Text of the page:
Bank of Korea / Buses
That Japanese colonial era building used to house the Bank of Korea, and is now its currency museum. It has an excellent collection of currency from every Korean nation-state, from proto-kingdoms to the modern day (including North Korea), as well as a good selection of currency from around the world, plus information on fiscal policy and the role of a national bank.
In front, the jammed traffic features all four varieties of Seoul's buses. 2004 saw every Seoul bus route renumbered, and in many cases, readjusted, in a more systematic fashion. The buses travel through eight zones of Seoul: zone 0 for city center, and zones 1-7 fanning out clockwise from the extreme northeast to the extreme northwest. Bus lines were renumbered after the zones they travel to/from/through. The four varieties are:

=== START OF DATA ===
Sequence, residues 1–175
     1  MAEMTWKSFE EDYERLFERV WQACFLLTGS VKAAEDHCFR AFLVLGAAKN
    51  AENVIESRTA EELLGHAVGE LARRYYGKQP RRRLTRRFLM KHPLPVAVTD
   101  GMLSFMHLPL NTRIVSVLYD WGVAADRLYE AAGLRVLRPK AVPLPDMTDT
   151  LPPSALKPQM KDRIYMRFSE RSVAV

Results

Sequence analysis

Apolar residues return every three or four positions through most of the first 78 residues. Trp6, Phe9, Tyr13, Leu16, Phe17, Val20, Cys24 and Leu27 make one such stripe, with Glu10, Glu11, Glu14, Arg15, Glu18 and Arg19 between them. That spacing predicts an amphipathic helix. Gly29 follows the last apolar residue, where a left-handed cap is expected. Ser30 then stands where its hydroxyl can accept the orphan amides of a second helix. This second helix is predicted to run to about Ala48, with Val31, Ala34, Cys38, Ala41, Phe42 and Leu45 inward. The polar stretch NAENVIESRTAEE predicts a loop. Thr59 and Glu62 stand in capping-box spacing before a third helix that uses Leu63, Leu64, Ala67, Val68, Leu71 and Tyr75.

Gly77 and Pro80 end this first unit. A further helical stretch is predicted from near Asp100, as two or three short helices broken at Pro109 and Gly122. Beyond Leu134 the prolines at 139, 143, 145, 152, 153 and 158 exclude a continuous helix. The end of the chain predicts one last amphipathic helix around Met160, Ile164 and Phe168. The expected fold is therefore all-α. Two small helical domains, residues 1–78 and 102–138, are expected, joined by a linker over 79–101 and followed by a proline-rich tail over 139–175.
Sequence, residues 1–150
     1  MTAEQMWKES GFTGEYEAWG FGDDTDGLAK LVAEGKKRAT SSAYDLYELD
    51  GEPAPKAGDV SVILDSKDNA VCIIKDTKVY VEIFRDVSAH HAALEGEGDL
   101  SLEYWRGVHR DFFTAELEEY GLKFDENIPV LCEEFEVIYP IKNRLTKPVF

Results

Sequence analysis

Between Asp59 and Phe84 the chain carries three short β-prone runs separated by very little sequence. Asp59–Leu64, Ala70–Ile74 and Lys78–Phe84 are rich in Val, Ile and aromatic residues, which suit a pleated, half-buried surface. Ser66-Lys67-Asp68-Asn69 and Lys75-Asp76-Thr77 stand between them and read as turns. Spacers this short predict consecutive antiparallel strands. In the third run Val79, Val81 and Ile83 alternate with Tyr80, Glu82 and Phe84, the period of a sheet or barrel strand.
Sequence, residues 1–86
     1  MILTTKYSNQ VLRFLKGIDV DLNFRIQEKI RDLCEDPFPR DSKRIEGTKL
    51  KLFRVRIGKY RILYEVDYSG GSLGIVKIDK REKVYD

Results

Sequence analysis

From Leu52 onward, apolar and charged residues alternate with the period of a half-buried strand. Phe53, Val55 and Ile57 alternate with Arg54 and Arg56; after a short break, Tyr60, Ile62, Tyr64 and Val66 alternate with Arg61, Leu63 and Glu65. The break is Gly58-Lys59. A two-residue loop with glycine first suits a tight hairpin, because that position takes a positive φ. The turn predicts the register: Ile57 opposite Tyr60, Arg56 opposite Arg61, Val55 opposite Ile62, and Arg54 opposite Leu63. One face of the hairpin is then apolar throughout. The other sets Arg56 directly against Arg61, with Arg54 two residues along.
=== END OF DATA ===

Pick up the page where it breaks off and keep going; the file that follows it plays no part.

- Yellow: loop service within a single zone. Rarest/cheapest. Two-digit numbers, first digit is the zone.
- Green: connects subway stations to nearby neighborhoods. Most common. Four-digit numbers, the first digit is the starting zone and the second is the terminating zone.
- Blue: trunk line service across the width of the city. Three-digit numbers, the first digit is the starting zone and the second is the terminating zone.
- Red: premium service, guaranteed seating, running to the suburbs beyond city limits, most expensive. Four-digit numbers, for Seoul-based buses the numbers are in the 9000-series (numbers differ for suburbs-based buses visiting Seoul).
Smart RFID debit cards, such as T-Money, were also introduced with these new bus types. They are good for discounts off of cash fares, and for free transfers between buses and to/from the subway. My T-Money card was the most invaluable ally in my travels throughout Seoul and into nearby areas.
In South Korea, urban bus lines are planned by the city transit authorities, but actual operation of the buses is by private concessionaires, of which there are about 40 in Seoul. Each bus displays the name of the operating concessionaire in small letters. The concessionaires have a joint industry group to voice their concerns, and their employees have a consolidated labor union as well, which is unusual in South Korea, where labor unions are otherwise specific to each employer.